Once they had both died, the tables turned but the chasm remained. They could still see each other, and speak to one another…and the rich man did. He was used to getting what he wanted, and saw no reason this time should be any different. So he begged for the same thing that he had denied Lazarus in life — just a drop of cool water. Just a drop, just a crumb. 

But in asking, he betrayed himself: he called for Lazarus by name.

It’s easy to imagine that having lived such incredibly different lives, that the rich man might never have even noticed the poor man — just always studiously avoided looking. It’s something many of us who have spent time in cities are practiced at, the looking away, never making eye contact with people in need sitting on the side of the street. We stay safely on our side of the chasm, imagining we have little in common with “those people.” 

But the rich man said “send Lazarus.”

He knew him. He recognised his face and knew his name. 

He knew that man who sat at his gate, starving and wounded. Which means he chose to ignore his suffering. These two people lived in the same space and were in the same community and one of them simply decided that the other was not valuable enough to help. He preferred his sumptuous meals and beautiful clothes and didn’t care about anyone else, not even his closest neighbour, who lay at his very gate.

We might put it like this: he loved himself far more than his neighbour.

When the chasm he had created was brought to his attention, he was undeterred in his sense of entitlement to control Lazarus, asking for him to be sent away from the comfort he’d never had in life, back to the very place where he had suffered, for the benefit of the rich brothers. Who, for the record, appear to have never cared for Lazarus in life, so it’s not at all clear they would pay attention to him coming back from the dead either.

Abraham’s response should give us all pause. He said “they have Moses and the Prophets. They must listen to them.” 

In other words: we already know what we’re supposed to do. The commandment to Love God and Love Neighbour are not news, they’ve been there this whole time. That’s supposed to be the core of who we are and what we do. What more do we need before we act on the word of God? What will it take for us to recognise the truth of God’s call, and respond to it?

Remember that Jesus told this story to “Pharisees who were lovers of money” — as Pharisees, they knew the Torah. They knew perfectly well the commandments and the words of the prophets through the ages, calling people to live God’s way. And yet their love was out of order. Rather than loving God with all their heart, soul, mind, and strength, and loving their neighbour as themselves, they loved money first.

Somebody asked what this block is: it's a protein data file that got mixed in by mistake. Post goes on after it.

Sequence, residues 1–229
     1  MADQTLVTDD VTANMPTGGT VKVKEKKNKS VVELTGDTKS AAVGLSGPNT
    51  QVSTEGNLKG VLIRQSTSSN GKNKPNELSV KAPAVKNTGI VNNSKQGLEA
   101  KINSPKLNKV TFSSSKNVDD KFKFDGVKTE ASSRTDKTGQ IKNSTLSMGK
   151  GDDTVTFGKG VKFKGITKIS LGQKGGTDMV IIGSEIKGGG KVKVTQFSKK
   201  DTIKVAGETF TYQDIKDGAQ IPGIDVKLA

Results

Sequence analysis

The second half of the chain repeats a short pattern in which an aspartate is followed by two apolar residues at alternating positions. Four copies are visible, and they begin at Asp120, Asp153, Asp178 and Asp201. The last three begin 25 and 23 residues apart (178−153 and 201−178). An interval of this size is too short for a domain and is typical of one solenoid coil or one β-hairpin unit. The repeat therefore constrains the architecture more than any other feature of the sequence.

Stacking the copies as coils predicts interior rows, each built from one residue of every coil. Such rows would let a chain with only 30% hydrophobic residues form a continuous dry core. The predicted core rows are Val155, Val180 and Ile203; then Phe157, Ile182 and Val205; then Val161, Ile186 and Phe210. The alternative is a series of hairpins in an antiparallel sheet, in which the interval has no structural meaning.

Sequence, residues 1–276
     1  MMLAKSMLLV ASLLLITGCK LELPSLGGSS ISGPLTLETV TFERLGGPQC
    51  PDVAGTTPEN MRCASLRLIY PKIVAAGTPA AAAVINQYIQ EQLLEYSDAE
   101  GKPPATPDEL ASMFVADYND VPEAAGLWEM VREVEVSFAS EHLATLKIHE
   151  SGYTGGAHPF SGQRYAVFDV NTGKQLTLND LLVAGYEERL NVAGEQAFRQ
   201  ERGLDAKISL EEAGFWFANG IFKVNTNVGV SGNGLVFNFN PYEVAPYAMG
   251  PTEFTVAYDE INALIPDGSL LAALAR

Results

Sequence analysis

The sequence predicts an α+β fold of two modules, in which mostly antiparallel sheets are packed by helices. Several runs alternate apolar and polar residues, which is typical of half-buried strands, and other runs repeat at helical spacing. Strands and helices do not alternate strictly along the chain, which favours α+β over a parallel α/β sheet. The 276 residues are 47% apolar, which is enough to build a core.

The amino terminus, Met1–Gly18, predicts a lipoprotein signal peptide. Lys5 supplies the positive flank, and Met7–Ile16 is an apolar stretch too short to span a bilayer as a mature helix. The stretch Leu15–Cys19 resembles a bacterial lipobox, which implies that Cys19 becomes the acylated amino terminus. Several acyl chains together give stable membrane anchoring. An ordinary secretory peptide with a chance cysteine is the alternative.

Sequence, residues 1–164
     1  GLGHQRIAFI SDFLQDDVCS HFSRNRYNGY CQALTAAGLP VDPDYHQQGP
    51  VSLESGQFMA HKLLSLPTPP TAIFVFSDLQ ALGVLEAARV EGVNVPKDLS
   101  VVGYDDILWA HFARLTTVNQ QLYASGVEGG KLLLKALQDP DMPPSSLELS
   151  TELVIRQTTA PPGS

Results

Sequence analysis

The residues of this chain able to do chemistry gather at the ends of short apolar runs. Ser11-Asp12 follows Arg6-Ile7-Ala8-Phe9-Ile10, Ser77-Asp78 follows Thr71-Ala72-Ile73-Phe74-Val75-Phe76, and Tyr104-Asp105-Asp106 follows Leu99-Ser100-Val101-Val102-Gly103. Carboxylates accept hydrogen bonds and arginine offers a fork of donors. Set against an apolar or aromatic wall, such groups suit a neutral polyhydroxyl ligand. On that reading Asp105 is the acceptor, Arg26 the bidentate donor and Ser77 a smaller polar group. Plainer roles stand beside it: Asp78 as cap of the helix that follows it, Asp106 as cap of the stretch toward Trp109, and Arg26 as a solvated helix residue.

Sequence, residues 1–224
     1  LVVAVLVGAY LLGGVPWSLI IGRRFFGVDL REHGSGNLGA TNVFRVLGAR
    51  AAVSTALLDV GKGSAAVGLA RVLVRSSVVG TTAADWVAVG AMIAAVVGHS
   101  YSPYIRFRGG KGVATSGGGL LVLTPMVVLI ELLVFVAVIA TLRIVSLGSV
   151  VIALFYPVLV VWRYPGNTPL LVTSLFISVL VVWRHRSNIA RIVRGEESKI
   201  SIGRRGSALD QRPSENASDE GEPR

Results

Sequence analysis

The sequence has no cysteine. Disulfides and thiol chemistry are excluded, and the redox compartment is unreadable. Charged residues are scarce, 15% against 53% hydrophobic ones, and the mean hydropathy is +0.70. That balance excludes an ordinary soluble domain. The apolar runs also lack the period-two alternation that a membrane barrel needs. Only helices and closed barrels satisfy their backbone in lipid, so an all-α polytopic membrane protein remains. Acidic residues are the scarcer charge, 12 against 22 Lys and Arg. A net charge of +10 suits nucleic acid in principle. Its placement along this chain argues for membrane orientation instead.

I think Jesus told this story to show them what kind of world that out-of-order love would create. 

The thing is, we know all this, and yet we choose not to know it. We know that we have created that chasm between us and them, coming up with all sorts of reasons why we can’t cross it to love our neighbour. And so we look away, and congratulate ourselves, jockeying for our return to normal while developing nations continue to die of covid with no access to vaccines. We look away as we place our stockpiling grocery orders, while people fleeing from violence or environmental disaster or abject poverty die, either trying to get here or in substandard accommodations in our cities. We look away as we justify ourselves as not knowing anyone who would do those things while women are abducted and killed for walking home after dark. We look away as we repeat rumours and jokes about others, while they hear us and wish they weren’t alive anymore. And the chasm grows, and grows, and becomes more and more fixed, and it feels impossible to cross.

The rich man knew Lazarus’s name. He recognised his face. But he did not recognise the image of God in his neighbour. Or, to be more honest about it, he chose not to see the image of God in his neighbour, because he loved himself more.

Lent is a time for honesty, for the kind of self-reflection that brings us closer to the truth that sets us free. Choosing to live in ways that create that chasm, while the kingdom of God beckons from the other side, may feel like freedom but actually we end up trapped too, unable to get out of a system we can’t even see, and it can be terrifying to admit it. But perfect love casts out fear, and the Way of Jesus leads to life — not just surviving, but abundant life, eternal life that starts now. Jesus says, in this story and in plenty of others: you know the way. I am the way. 

May we recognise our part in creating the chasms of this world, and choose to live by Christ’s command to love. Amen.